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Journal becomes fourth suspended in six weeks

New Delhi (Mizzima) -The Modern Times journal this week became the fourth publication of its kind in six weeks that Burmese state censors have suspended, as it had changed an article’s title, according to a journal editor.

The suspension followed the change of a title of an article about weather conditions on the cover of the journal’s volume one, issue five from the headline approved by the junta’s censorship board, the Press Scrutiny and Registration Division, a weekly journal editor told Mizzima.

“The new title means ‘Will September return?’ and the journal failed to submit the new design of its cover, which is why the journal was suspended”, the editor said.

“No one knows for how many weeks the journal will be suspended … the director of the censorship board went to Naypyidaw to attend a meeting. Only after he gets back to Rangoon can he decide on the length of the suspension period,” he said.

Mizzima was unable to reach The Modern Times Journal for comment.

The first issue of the journal, which contains general topics, was first published in the middle of last month by owner Mhway Thida Thein, wife of Burma Overseas Seafarers Association secretary Soe Min Aung. Its offices are located in Botahtaung Township in Rangoon. The editor-in-chief is Aung Ye Maung Maung and the owner of the publishing licence is Myat Soe (Hlaing).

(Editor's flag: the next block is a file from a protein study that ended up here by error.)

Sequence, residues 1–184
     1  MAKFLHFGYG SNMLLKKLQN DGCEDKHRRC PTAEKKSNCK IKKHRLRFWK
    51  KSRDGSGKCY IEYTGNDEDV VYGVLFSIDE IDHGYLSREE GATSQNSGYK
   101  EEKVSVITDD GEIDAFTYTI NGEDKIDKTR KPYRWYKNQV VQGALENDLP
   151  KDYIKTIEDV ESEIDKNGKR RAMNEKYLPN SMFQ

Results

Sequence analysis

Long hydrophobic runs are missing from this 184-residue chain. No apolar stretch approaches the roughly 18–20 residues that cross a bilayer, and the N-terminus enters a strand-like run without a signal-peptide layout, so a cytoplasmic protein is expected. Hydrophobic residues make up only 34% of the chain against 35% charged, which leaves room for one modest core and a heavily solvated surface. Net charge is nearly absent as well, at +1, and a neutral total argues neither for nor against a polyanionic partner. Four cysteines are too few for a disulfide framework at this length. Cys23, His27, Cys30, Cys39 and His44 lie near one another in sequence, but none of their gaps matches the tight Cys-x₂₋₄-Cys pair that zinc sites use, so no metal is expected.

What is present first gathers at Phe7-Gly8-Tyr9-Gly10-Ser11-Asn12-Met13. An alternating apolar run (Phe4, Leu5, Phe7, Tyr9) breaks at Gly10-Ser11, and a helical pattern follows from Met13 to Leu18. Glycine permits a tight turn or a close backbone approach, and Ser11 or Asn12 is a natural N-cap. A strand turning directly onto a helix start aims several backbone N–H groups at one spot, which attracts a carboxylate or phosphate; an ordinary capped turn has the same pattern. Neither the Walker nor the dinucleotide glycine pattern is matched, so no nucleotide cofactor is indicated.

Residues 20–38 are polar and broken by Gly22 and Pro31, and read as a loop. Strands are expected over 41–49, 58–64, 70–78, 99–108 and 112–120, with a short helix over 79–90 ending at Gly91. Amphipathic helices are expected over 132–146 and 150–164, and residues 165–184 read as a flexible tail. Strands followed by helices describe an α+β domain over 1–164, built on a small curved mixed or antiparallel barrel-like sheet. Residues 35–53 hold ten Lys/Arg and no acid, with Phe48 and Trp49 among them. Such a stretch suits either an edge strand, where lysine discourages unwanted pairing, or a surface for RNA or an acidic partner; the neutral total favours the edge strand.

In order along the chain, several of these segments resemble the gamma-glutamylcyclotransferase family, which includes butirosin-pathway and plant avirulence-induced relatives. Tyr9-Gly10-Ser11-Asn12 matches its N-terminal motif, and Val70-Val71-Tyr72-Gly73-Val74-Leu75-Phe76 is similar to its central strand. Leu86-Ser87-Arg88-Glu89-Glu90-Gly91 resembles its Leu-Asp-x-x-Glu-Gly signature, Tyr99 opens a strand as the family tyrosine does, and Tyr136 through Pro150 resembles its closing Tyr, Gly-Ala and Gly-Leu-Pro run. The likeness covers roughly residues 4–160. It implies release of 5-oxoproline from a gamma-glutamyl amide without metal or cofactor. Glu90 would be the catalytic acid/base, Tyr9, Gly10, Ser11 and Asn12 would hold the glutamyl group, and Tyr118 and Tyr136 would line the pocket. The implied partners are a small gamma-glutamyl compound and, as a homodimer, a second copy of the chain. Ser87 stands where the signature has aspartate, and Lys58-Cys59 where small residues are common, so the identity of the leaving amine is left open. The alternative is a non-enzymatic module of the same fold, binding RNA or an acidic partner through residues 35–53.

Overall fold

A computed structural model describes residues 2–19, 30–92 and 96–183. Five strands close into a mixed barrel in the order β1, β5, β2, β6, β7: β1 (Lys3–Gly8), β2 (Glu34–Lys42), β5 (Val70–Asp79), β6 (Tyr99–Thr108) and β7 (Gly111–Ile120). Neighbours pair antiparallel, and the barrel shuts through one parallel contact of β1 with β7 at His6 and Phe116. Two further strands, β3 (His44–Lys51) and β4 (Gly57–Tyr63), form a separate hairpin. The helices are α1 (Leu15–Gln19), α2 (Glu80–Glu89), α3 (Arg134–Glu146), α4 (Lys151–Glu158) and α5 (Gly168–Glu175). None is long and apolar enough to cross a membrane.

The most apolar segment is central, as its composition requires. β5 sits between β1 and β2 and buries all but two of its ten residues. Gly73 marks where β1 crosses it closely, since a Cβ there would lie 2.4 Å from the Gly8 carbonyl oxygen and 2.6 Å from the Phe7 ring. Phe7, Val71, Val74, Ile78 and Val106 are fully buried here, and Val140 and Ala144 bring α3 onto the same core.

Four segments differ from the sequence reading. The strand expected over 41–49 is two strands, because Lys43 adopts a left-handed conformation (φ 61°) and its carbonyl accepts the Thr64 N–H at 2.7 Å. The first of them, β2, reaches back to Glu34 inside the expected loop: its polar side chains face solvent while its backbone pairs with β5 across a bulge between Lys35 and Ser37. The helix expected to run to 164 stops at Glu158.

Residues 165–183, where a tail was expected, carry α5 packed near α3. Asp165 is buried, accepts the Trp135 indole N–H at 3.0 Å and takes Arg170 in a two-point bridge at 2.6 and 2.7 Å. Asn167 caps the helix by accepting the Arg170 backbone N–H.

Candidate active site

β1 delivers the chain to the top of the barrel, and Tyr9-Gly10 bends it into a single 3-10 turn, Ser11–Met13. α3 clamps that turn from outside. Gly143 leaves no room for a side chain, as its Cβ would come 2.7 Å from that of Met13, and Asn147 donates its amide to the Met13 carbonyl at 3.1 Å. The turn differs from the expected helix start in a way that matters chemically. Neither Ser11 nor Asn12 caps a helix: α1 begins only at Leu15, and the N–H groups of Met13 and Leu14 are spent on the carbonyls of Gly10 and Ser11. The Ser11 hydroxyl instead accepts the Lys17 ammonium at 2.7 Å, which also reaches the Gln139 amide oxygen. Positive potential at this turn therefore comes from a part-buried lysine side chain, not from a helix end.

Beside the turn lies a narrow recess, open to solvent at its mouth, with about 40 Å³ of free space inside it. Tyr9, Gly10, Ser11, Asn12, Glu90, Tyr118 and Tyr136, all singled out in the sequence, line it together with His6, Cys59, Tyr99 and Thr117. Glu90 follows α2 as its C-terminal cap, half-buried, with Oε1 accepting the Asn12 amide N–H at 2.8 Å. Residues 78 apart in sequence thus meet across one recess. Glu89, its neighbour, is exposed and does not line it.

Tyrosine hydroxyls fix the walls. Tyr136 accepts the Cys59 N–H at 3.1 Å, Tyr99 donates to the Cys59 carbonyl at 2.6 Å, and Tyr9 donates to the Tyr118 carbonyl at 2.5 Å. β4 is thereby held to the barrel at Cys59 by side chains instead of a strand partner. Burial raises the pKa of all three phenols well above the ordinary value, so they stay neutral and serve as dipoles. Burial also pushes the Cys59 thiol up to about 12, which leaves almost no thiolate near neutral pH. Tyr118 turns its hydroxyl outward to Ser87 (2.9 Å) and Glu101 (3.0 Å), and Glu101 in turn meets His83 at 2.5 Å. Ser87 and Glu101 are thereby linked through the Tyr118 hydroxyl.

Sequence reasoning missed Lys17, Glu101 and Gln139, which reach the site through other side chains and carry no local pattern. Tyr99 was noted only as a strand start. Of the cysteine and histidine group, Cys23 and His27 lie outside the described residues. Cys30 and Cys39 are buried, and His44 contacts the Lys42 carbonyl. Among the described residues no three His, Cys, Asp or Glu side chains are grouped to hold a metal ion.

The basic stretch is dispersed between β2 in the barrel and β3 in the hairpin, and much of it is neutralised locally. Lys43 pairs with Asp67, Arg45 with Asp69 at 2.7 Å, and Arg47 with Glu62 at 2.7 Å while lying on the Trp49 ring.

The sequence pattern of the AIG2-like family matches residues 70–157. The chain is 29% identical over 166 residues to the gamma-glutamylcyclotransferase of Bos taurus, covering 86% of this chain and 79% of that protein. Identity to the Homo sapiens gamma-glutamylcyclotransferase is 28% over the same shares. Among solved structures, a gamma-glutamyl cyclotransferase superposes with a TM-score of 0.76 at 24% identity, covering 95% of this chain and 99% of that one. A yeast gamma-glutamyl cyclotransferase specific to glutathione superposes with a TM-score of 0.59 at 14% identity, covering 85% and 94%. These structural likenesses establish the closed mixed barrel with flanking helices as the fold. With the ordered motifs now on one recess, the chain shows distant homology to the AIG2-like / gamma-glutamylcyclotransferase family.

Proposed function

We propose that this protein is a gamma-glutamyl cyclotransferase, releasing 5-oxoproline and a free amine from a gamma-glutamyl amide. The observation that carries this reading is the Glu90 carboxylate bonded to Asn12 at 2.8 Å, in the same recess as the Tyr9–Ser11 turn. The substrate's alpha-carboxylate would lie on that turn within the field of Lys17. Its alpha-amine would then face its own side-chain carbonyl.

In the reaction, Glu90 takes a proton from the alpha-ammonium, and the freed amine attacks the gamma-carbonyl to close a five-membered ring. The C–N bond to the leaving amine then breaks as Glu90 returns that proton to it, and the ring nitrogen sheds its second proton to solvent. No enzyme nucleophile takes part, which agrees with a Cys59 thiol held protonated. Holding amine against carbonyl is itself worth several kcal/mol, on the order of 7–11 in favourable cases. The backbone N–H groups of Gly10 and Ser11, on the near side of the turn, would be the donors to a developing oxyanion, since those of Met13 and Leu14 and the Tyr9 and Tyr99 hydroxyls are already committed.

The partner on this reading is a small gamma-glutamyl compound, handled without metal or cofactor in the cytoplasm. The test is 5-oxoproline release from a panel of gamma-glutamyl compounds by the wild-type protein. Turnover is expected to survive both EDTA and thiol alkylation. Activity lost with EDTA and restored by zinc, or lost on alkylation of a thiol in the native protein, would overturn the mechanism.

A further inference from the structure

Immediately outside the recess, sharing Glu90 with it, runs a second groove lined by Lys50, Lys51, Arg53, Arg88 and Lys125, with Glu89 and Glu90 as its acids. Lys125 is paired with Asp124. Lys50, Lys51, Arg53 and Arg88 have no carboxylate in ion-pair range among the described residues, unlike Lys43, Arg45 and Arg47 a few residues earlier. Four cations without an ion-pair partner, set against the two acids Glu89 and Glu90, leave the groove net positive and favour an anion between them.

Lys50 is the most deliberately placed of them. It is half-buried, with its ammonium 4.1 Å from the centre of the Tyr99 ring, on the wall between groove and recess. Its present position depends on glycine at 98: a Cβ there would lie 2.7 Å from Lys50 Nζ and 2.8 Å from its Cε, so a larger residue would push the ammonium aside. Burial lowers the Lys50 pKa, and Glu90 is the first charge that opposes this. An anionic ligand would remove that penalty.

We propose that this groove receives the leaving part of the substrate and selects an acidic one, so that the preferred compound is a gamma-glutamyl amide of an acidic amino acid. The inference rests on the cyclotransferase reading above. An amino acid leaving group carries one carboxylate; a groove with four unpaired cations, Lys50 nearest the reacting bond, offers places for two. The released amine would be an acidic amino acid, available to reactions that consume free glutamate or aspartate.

“The censorship board seemed scared that the new title ‘Will September return?’, might cause the public to remember the ‘saffron revolution’, which happened in September 2007”, a reporter from a weekly journal said. He was referring to nationwide uprisings against fuel-price increases led by monks that started in August but developed into broader public protests in September.

Moreover, rumours circulated that the journal was suspended to avoid make unwarranted public concern over meteorological conditions later this year. A government weatherman had predicted that the La Nina phenomenon – of wetter, cooler conditions – would start taking effect in September, to reach a peak in November.

The censorship board is managed by joint director Myo Myin Maung on behalf of outgoing chief Major Tint Swe, who is in Naypyidaw for a meeting.

An editor said the suspensions were part of a trend of even tighter oversight by the notorious state censors, offered referred to in publishing circles as the “Press Kempeitai”, after the Japanese army’s brutal military police wing, which was part of occupation forces in Burma during the Second World War.

“The relationship between journalists and the censorship board has worsened. In the past, if a journal made mistakes, it would merely receive a warning. But, currently, if a journal made something wrong, it could be suspended”, the editor said.

In May, The Voice journal was temporarily suspended because it reported that a Seven Days News journal reporter had filed an assault case against actress Htet Htet Moe Oo, after she hit the reporter in response to questions about her private life.

Similarly, early last month, the Envoy News and Popular journals were suspended for a week because they featured actresses in cover photos deemed “incompatible with Burmese culture”. Late last month state censors suspended The Voice for two weeks over Aung Htut’s article “Concept and Process” on constitutional issues.

Last Updated ( Tuesday, 17 August 2010 18:35 )  

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